And they are, in part. I have no doubt Comcast found something that tripwired their sensors. But it's the way they approach the solution that reeks of a marketing ploy. There are a slew of discussions on the Comcast boards on this topic.

harryb2448 01-31-2012 04:12 PM

Let me suggest they would not known their elbows from ... from their other end.

As suggested run ClamXAV if you feel threatened. What you found was another marketing ploy to sell Nortons Nonsense.

BrianLachoreVPI 02-01-2012 10:11 PM

Are you sure that e-mail was from Comcast? It probably was - but I know I see some very well crafted phishing e-mails these days.

McYukon 02-01-2012 10:43 PM

There is a relevant xkcd comic about ISP's and only windows support, and a Linux user trying to get his internet fixed, but I can't find it anymore :\

But I did find this :D
Quote:

Our local cable company is Comcast. I was having high-speed Internet installed at my apartment, and a Comcast guy showed up. He started spouting off technical jargon about "bouncing signals" and stuff that I knew was complete nonsense, all so he could buy time to have a smoke and talk on his phone.

I was starting to get very frustrated that he'd been at my house for a couple of hours and wasn't finished with the install. I'd specifically requested that he not install any software on my computer, because I knew it was not necessary for using the Internet. My roommate, however, had not made the same request.

After some time, my roommate had to leave, and I was left to supervise the Comcast guy. I went into my roommate's bedroom to find him scratching his head as he fiddled with her Mac. He was kinda sweaty and really mad and looked up at me and asked, "What kind of computer is this??"

"It's a Mac," I said.

"What kind of Windows are you runnin' on this thing??"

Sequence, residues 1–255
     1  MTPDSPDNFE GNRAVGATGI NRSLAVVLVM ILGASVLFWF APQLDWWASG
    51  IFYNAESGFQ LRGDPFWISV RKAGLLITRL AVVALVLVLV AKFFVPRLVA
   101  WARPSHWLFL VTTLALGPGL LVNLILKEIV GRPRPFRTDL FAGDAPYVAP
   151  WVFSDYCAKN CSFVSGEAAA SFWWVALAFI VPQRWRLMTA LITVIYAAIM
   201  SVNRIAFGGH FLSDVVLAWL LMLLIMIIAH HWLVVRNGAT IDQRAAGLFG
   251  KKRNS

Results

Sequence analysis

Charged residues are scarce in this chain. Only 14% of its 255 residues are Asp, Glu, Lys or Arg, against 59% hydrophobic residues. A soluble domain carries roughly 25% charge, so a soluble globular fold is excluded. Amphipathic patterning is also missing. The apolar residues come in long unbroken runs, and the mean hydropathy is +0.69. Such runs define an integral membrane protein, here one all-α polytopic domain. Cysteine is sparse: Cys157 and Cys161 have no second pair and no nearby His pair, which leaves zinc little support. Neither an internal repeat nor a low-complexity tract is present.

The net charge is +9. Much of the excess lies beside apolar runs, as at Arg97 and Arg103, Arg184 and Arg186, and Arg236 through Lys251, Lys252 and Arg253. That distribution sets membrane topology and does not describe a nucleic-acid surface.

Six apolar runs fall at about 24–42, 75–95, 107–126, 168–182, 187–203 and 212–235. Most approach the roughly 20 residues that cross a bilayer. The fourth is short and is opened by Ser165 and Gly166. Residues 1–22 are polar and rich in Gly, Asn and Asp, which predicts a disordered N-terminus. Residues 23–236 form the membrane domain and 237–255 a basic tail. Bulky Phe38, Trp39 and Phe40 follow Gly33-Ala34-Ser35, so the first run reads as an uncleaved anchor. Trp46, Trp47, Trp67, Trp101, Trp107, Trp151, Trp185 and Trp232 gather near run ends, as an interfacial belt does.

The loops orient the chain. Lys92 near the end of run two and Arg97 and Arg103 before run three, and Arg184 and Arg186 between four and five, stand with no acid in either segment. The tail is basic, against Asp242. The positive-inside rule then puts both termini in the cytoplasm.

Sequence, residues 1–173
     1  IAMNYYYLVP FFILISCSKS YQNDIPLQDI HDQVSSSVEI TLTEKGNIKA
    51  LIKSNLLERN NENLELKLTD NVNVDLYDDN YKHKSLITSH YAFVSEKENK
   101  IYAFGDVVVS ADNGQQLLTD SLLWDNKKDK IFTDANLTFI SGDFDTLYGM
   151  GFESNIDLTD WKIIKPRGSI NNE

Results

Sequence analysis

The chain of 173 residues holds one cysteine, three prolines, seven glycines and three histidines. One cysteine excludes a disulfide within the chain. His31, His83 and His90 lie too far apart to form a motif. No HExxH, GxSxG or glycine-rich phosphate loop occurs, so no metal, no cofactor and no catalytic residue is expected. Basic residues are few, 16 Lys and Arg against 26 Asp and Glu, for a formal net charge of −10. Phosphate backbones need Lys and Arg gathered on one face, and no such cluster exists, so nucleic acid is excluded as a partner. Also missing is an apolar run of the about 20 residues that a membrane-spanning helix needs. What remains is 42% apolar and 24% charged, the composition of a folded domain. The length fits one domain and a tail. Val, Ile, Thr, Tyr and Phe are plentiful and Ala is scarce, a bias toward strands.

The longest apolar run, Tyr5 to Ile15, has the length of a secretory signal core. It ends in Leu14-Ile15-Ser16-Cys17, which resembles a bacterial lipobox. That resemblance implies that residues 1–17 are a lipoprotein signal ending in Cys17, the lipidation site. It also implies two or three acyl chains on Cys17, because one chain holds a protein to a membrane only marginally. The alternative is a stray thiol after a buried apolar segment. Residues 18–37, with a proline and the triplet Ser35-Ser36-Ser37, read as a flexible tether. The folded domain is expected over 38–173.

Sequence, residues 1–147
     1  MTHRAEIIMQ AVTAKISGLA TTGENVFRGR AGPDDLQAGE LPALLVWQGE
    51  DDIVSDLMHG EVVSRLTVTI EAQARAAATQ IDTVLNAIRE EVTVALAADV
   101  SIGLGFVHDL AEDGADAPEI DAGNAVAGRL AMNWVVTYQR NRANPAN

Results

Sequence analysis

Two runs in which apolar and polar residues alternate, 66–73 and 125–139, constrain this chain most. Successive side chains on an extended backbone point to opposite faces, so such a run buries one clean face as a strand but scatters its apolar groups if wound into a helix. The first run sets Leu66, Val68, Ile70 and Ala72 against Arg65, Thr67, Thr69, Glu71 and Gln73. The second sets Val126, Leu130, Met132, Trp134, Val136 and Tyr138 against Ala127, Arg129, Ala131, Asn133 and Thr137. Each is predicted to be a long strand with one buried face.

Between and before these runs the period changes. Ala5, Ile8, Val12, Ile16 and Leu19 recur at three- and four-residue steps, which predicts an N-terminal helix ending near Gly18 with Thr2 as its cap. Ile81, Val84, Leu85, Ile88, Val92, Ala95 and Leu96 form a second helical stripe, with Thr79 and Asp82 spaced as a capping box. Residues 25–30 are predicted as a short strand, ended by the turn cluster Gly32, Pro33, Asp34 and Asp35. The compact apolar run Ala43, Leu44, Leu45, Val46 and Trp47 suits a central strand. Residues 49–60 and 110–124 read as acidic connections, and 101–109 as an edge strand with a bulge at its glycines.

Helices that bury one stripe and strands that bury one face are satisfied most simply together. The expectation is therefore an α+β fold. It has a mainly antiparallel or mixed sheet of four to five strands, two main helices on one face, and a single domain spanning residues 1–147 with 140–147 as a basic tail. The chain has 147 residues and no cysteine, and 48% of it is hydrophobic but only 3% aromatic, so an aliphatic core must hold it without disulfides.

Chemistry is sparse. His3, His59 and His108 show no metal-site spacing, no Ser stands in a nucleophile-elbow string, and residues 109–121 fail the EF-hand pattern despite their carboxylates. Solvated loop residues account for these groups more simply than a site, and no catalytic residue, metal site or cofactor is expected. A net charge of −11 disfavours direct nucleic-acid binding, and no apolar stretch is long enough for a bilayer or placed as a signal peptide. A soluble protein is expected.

I tried telling him that it did not run Windows, and he refused to believe me. He got so frustrated that he actually ended up cussing at me and comparing me to his ex wife.

He got fired.

DenverBuff 02-02-2012 03:18 PM

Quote:

Originally Posted by BrianLachoreVPI (Post 1364582)
Are you sure that e-mail was from Comcast? It probably was - but I know I see some very well crafted phishing e-mails these days.

I called Comcast and they confirmed the e-mail was legit. But it's very weird looking and looks like spam.

sfam198 02-02-2012 08:36 PM

1 Attachment(s)
Quote:

Originally Posted by McYukon (Post 1364595)
There is a relevant xkcd comic about ISP's and only windows support, and a Linux user trying to get his internet fixed, but I can't find it anymore :\

But I did find this :D

You're looking for this

chas_m 02-03-2012 08:02 AM

Quote:

Originally Posted by sfam198 (Post 1365015)
You're looking for this

Let me guess ... this was posted on the wall of your cubicle? :)

sfam198 02-04-2012 12:25 PM

Lol, no but it should be...*print*

cwa107 02-04-2012 12:46 PM

Although I agree that it's unlikely that your Mac is running a bot, they DO indeed exist for Mac OS X. The most prevalent one accompanied a pirated copy of iWork/iLife '09 (although I can't recall the name off the top).

Aside from getting a "second opinion" scan with a dedicated spyware tool like MalwareBytes (on the PCs), I would actually recommend doing a scan with the trialware version of MacScan, just to be on the safe side.

rabbitjetta 02-05-2012 10:51 AM

Same thing happened to me. Change your network name and password. Try Sophos for Mac it's free or clamav.